The Columbia Messenger and Shoeblack Brigade, Spitalfields, London
The Columbia Messenger and Shoeblack Brigade was founded in 1869, one of a dozen or so such organisations established in London in the mid-19th century to provide employment and accommodation for homeless and destitute boys. The Brigade owed its existence largely thanks to the support of the banking heiress and philanthropist Baroness Angela Burdett-Coutts. The Brigade was based at 11 Wood Street, Spitalfields, and presumably took its name from the Baroness's Columbia Square model housing development at Bethnal Green. The Brigade provided a home for up to 24 boys aged from 14 to 16 years.
Boys were allocated pitches or 'stations' by the police and these were rotated twice a week so everyone had a turn at working at the most lucrative locations. The boys' earnings were paid into the home each day with a third of the money paying for their keep, a third being placed into their individual bank savings accounts, and a third given back to them.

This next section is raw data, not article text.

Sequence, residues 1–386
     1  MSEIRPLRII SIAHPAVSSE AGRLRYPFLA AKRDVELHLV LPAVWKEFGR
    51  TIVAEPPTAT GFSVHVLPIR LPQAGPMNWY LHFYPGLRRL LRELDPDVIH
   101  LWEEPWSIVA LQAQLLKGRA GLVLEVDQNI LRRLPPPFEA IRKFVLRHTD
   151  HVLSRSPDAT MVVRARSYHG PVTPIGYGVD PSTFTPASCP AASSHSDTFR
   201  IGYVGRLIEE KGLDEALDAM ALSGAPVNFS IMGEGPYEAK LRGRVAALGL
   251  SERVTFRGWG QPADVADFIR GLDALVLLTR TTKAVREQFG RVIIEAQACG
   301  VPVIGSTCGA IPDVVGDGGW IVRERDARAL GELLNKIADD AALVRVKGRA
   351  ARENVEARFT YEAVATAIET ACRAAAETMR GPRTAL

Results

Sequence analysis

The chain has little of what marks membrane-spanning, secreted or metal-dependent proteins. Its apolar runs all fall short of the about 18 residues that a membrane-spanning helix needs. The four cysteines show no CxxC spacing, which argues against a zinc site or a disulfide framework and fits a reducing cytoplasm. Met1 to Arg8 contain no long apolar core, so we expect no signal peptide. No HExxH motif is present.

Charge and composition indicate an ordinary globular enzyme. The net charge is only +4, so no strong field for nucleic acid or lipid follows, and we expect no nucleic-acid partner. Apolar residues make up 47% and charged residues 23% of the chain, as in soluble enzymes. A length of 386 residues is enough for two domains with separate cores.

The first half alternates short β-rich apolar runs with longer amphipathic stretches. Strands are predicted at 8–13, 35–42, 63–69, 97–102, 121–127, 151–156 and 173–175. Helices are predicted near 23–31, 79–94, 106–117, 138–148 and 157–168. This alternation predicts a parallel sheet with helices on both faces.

The Columbia Shoeblack Brigade appears to have ceased operation by the 1890s.
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- None identfied at present — any information welcome.
- Higginbotham, Peter Children's Homes: A History of Institutional Care for Britain s Young (2017, Pen & Sword)
- None identified at present.
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